[refpolicy] Question: and the policy grows...
Daniel J Walsh
dwalsh at redhat.com
Thu Mar 17 13:34:40 CDT 2011
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On 03/17/2011 01:54 PM, Christopher J. PeBenito wrote:
> On 03/17/11 12:44, Daniel J Walsh wrote:
>> On 03/17/2011 12:04 PM, Guido Trentalancia wrote:
>>> On Thu, 17/03/2011 at 10.25 -0400, Daniel J Walsh wrote:
>>>> On 03/17/2011 09:50 AM, Guido Trentalancia wrote:
>>>> For example, we have lots of code that allows confined applications to
>>>> open terminals. I would bet that almost no confined processes ever open
>>>> a terminal. And yet the ability to open a terminal can give you a
>>>> communications channel to attack other confined processes or even the
>>>> confined user.
> Get me a set of patches that fixes that, and I'll be glad to merge it.
I am experimenting with this now. But it would be good if we could
agree on the terminology.
rw_inherited_term_perms is what I am calling it.
>>>> But it is very difficult to remove access that was granted, since no one
>>>> wants more bugs.
>>> There might be environments where a (temporary) bug is always preferable
>>> than a looser policy...
>> Well as long as the temporary bug does not cause someone to disable SELinux.
> I think this is the biggest thing point. We've worked hard over many
> years to get to a condition where the policy could be used by everyday
> users. Do we want a tighter policy? Absolutely. Is there cruft in the
> policy? Absolutely. I always push for more documentation so that if
> something changes with a particular app that rules could be removed, but
> most lines in Refpolicy lack a explanation/justification.
> For cases on higher assurance systems, where they do care more about
> eliminating this type of access, there is usually rigorous testing
> involved already and they have a fairly static configuration. We can't
> get an sufficient amount of testing for Refpolicy and the below point is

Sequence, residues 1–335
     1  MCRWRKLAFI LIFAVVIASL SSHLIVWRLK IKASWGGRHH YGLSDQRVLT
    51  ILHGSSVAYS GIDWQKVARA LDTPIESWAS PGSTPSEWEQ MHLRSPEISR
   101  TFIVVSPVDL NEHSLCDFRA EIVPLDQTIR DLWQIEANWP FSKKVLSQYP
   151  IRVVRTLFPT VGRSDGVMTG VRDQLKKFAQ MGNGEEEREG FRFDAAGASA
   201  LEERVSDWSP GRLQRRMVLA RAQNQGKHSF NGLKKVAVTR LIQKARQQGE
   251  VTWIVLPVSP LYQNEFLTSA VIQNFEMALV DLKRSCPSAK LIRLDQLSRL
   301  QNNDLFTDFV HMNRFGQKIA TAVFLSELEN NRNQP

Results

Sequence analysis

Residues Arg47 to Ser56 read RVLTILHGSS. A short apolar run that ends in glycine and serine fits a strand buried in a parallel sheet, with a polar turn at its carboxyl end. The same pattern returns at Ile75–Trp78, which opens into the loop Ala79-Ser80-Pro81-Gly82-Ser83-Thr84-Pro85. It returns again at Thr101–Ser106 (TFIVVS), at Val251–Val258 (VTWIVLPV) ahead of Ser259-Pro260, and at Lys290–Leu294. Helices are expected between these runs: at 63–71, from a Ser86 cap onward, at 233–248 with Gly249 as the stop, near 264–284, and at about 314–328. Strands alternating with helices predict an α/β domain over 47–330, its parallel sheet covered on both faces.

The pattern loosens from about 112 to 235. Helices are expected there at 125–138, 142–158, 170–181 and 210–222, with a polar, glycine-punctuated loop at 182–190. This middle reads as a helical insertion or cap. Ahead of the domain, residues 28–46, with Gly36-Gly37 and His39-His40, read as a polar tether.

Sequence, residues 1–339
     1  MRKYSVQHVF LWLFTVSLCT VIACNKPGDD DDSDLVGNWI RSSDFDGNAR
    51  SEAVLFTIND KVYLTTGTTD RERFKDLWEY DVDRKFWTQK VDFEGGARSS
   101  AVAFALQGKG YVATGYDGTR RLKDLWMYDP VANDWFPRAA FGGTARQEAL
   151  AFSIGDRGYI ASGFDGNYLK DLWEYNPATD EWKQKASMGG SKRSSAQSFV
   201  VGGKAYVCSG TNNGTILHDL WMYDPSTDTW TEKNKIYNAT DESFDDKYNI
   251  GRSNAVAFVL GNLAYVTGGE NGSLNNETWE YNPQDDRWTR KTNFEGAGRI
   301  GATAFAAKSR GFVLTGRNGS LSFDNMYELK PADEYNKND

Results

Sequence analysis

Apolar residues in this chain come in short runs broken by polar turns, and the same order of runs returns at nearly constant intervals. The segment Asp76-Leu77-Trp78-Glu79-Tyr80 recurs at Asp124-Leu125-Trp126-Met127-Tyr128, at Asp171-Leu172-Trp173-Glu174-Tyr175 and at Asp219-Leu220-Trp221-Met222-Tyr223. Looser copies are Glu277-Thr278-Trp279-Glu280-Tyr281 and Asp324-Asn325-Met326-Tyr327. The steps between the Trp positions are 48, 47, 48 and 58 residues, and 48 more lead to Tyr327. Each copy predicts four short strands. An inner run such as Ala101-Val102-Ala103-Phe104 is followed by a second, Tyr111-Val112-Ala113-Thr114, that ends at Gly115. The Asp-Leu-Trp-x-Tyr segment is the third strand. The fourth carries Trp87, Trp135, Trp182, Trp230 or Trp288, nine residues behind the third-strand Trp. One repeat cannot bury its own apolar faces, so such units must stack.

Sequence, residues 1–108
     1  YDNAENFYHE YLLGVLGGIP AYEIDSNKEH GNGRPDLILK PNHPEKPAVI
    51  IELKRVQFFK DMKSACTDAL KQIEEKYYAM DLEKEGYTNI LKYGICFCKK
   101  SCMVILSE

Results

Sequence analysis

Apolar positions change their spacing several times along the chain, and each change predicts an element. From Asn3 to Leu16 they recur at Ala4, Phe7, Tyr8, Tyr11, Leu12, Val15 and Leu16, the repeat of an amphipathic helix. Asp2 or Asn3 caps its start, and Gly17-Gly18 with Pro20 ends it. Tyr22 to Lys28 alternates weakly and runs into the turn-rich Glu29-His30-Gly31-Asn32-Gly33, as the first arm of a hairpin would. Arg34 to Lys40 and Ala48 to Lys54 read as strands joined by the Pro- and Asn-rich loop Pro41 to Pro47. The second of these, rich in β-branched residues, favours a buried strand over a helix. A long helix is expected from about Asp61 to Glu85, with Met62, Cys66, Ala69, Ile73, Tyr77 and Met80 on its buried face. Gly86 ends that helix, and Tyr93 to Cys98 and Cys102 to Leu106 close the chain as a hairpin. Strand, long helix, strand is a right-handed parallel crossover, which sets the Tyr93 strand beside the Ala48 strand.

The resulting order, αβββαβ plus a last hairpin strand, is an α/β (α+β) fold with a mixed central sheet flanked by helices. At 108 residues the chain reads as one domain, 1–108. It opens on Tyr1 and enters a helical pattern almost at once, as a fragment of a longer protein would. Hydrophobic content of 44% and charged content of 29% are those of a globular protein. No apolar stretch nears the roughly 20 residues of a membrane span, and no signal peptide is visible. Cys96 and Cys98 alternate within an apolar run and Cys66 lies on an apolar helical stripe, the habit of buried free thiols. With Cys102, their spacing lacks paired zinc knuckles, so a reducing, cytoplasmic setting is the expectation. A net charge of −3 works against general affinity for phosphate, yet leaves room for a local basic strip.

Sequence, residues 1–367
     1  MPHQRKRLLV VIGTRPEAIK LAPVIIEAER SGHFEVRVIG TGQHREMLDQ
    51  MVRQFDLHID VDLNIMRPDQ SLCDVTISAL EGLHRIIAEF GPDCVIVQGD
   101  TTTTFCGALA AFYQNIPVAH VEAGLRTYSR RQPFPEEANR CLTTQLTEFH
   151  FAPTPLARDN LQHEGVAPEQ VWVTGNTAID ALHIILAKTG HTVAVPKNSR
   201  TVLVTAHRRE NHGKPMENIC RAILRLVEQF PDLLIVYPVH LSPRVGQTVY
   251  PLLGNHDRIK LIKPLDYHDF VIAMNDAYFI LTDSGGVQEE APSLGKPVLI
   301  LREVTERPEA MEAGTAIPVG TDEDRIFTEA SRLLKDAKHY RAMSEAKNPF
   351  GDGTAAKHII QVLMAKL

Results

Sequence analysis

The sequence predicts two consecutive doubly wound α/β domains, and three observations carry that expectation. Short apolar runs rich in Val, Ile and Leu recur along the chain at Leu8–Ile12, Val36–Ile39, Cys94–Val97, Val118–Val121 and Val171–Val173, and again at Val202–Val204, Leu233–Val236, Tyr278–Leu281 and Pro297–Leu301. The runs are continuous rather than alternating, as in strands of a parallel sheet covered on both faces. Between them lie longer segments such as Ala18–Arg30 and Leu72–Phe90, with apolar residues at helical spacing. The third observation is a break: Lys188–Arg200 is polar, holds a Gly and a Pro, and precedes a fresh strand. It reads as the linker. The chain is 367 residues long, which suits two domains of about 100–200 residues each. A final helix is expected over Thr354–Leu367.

>>> In any case, we haven't found a solution (or at least a methodology).
>>> The only (obvious) one I can foresee at the moment is periodically
>>> restarting from scratch (i.e. creating a new generation of refpolicy
>>> from scratch every x years). Which is massive work.
>> Yes and going to generate a large amount of errors, since most bugs are
>> caused by running apps in different ways.
> Definitely. This is probably the biggest issue that we face in
> maintaining policy. People do all sorts of things to their systems,
> changing configurations and relocating files, etc.
>>> From the Changelog I take that refpolicy started on June 2005. Software
>>> version numbers does not necessarily mean anything, but just to give an
>>> idea, on June 2005, we had the following versions (taken at random):
>>> kernel 2.6.12 (now 2.6.38)
>>> Linux-PAM 0.79 (now 1.1.3)
>>> gtk+ 2.6.8 (now 3.0)
>>> evolution 2.3.3 (now 2.32.2)
>> And refpolicy was an attempt to make all rules == example policy when
>> the port happened, so most of the original rules come from Prior to 2002.
> Right. There was ~6 years of policy development that happened before
> Refpolicy started and we didn't want to lose the effort that went into
> it. The idea being that after a rigorous structure was applied, there
> is a better chance of identifying excessive permissions. That did
> happen, and we did remove a lot of policy. But its hard finding the
> little excessive bits that are sprinkled around the policy.
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